ABSTRACT: We assessed the prognostic value of hypoxia (carbonic anhydrase 9; CA9), vessel density (CD31), with macrophages (CD68) and B cells (CD20) that can interact and lead to immune suppression and disease progression using scanning and histological mapping of whole-mount FFPE pancreatectomy tissue sections from 141 primarily resectable pancreatic ductal adenocarcinoma (PDAC) samples treated with surgery and adjuvant chemotherapy. Their expression was correlated with clinicopathological characteristics, and overall survival (OS), progression-free survival (PFS), local progression-free survival (LPFS) and distant metastases free-survival (DMFS), also in the context of stroma density (haematoxylin-eosin) and activity (alpha-smooth muscle actin). The median OS was 21 months after a mean follow-up of 20 months (range, 2-69 months). The median tumor surface area positive for CA9 and CD31 was 7.8% and 8.1%, respectively. Although total expression of these markers lacked prognostic value in the entire cohort, nevertheless, high tumor compartment CD68 expression correlated with worse PFS (p = 0.033) and DMFS (p = 0.047). Also, high CD31 expression predicted for worse OS (p = 0.004), PFS (p = 0.008), LPFS (p = 0.014) and DMFS (p = 0.004) in patients with moderate density stroma. High stromal and peripheral compartment CD68 expression predicted for significantly worse outcome in patients with loose and moderate stroma density, respectively. Altogether, in contrast to the current notion, hypoxia levels in PDAC appear to be comparable to other malignancies. CD31 and CD68 constitute prognostic markers in patient subgroups that vary according to tumor compartment and stromal density. Our study provides important insight on the pathophysiology of PDAC and should be exploited for future treatments.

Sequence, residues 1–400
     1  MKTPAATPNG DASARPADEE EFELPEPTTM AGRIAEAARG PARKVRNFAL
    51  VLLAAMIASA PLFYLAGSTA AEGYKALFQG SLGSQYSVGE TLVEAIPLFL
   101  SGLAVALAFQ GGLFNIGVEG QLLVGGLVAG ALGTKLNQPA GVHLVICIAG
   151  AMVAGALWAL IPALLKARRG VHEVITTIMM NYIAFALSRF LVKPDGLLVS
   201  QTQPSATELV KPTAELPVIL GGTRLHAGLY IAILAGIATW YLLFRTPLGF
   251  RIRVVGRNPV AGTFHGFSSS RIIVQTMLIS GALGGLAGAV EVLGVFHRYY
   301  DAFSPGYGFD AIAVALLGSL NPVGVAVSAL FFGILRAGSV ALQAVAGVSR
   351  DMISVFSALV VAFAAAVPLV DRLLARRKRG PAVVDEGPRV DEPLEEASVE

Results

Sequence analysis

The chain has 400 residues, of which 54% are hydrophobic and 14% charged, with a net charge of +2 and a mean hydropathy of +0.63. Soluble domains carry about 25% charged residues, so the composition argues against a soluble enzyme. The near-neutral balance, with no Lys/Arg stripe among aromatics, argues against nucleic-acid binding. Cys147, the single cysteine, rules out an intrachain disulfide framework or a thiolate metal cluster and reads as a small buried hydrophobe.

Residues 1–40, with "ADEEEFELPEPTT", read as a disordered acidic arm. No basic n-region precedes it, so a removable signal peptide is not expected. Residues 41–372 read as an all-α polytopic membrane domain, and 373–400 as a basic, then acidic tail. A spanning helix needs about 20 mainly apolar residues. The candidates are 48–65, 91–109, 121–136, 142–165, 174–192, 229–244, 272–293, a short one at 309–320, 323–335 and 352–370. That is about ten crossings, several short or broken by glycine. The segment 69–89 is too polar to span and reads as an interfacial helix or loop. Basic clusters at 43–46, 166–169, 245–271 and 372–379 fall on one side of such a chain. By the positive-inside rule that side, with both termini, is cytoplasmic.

12 Article Prognostic value, localization and correlation of PD-1/PD-L1, CD8 and FOXP3 with the desmoplastic stroma in pancreatic ductal adenocarcinoma. 2016

Diana, Angela / Wang, Lai Mun / D'Costa, Zenobia / Allen, Paul / Azad, Abul / Silva, Michael A / Soonawalla, Zahir / Liu, Stanley / McKenna, W Gillies / Muschel, Ruth J / Fokas, Emmanouil. ·Department of Oncology, CRUK/MRC Oxford Institute for Radiation Oncology, University of Oxford, Oxford, UK. · Department of Pathology, Oxford University Hospital NHS Foundation Trust, Oxford, UK. · Department of Surgery, Oxford University Hospital NHS Foundation Trust, Oxford, UK. · Department of Radiation Oncology, Sunnybrook Research Institute, Sunnybrook Health Sciences Centre, University of Toronto, Toronto, Canada. ·Oncotarget · Pubmed #27329602.